Fifteen years ago, in Truth and Power: The Place of Scripture in the Christian Life J.I. Packer recognized that some Christians who will speak of Scripture’s authority or inspiration, are nevertheless scared by the word inerrancy. The word conjures up images of flat-earth enthusiasts and other embarrassments. Packer explains:

They are frightened of certain mental attitudes and stances with which they feel the word inerrancy is now inseparably linked and which in their view tend to obscure the Bible’s main message and bar the way to the best in biblical scholarship. Specifically, they hear the inerrancy-claim as challenging all comers to find mistakes in Scripture if they can–which, so they think, is an improper diverting of interest from the great issues of the gospel to the minutiae of Bible harmony, and from believing proclamation to rationalistic apologetics. (50)

Packer sympathizes with this mindset, but only to a point.

Once I too avoided the word inerrancy as much as I could, partly because I had no wish myself to endorse the tendencies mentioned, and partly because the word has a negative form and I like to sound positive. But I find that nowadays I need the word. Verbal currency, as we known, can be devalued. Any word may have some of its meaning rubbed off, and this has happened to all my preferred terms for stating my belief about the Bible. I hear folk declare Scripture inspired and in the next breath say that it misleads from time to time. I hear them call in infallible and authoritative, and find they mean only that its impact on us and the commitment to which it leads us will keep us in God’s grace, not that it is all true.

That is not enough for me. I want to safeguard the historic evangelical meaning of these three words and to make clear my intention, as a disciple of Jesus Christ, to receive as from the Father and the Son all that the Scripture, when properly interpreted–that is, understood from within, in terms of its own frame of reference–proves to be affirming. (50-51)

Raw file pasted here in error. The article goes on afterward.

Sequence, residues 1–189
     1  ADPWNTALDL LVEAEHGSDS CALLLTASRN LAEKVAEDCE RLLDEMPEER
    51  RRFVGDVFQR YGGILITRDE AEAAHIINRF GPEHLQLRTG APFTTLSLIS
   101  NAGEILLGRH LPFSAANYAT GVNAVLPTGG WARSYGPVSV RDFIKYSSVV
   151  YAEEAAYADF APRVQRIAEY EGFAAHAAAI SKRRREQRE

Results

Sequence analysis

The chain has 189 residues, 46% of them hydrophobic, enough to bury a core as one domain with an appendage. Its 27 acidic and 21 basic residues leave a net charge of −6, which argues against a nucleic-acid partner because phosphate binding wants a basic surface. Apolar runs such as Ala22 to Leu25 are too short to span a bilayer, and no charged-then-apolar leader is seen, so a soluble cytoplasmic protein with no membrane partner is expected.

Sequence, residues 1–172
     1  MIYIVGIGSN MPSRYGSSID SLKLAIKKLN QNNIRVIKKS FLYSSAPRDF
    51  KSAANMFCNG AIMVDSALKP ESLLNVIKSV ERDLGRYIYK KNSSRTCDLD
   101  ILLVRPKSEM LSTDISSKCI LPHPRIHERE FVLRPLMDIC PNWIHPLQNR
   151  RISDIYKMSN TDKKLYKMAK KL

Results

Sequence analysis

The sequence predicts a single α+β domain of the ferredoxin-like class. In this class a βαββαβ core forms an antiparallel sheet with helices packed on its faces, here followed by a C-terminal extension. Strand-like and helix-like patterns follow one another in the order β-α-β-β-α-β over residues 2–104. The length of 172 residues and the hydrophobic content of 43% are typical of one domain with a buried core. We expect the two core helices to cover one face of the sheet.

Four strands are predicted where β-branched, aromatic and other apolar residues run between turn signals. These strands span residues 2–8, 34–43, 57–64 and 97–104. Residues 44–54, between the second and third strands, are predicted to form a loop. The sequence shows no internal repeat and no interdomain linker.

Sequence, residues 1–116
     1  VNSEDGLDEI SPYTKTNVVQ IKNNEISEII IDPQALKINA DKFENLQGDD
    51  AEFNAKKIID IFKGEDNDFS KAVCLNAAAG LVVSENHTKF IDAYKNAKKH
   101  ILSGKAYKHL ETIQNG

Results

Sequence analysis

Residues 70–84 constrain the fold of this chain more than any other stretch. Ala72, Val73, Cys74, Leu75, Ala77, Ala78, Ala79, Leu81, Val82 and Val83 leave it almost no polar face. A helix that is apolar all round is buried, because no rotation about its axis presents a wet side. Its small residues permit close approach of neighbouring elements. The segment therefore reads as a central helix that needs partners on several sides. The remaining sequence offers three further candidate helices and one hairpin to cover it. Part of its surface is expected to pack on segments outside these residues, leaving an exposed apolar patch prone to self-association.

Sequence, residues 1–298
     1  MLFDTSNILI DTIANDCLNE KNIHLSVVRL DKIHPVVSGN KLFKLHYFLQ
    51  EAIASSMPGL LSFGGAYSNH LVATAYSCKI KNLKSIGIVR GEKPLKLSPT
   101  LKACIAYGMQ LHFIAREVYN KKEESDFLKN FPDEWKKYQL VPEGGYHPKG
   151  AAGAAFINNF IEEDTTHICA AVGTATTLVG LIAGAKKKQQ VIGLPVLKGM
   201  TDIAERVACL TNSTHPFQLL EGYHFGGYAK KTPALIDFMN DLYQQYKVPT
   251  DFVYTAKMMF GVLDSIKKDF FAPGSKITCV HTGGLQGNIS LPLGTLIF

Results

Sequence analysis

The doctrine of inerrancy, Packer goes on to say, should not bear directly on the task of exegesis. That is, we must not determine ahead of time what the text must or must not say based on our doctrine of Scripture. But on the other hand, inerrancy should bear on our theological method.

What it says is that in formulating my theology I shall not consciously deny, disregard, or arbitrarily relativize anything that I find Bible writers teaching, nor cut the knot of any problem of Bible harmony, factual or theological, by assuming that the writers were not consistent with themselves or with each other. Instead, I shall labor to harmonize and integrate all that is taught (without remainder), to take is as from God (however little I may like it), and to seek actively to live by it (whatever change of my present beliefs and behavior-patterns it may require). This is what acceptance of the Bible as wholly God-given and totally true requires of us. (52)

Inerrancy safeguards the Christian freedom that comes only by surrendering our independence and submitting to God unreservedly. There is no true freedom accept as a servant to Christ. And we are not faithful servants of God unless we accept all that he says to us in his word. Packer’s summary is spot on:

Any degree of skepticism about the portrait of Christ, the promises of God, the principles of godliness, and the power of the Holy Spirit, as biblically presented, has the effect of enslaving us to our own alternative ideas about these things, and thus we miss something of the freedom, joy, and vitality that the real Christ bestows. God is very patient and merciful, and I do not suggest that those who fall short here thereby forfeit all knowledge of Christ, though I recognize that when one sits loose to Scripture this may indeed happen. But I do maintain most emphatically that one cannot doubt the Bible without far-reaching loss, both of fullness of truth and of fullness of life. If therefor we have at heart spiritual renewal for society, for churches and for our own lives, we shall make much of the entire trustworthiness–that is, the inerrancy–of Holy Scripture as the inspired and liberating Word of God. (55)

The inerrancy debate is about more than just about getting our doctrine of Scripture right. It’s about the honor of God, the vitality of his people, and the fullness of truth and life we must offer to a dying and unsure world.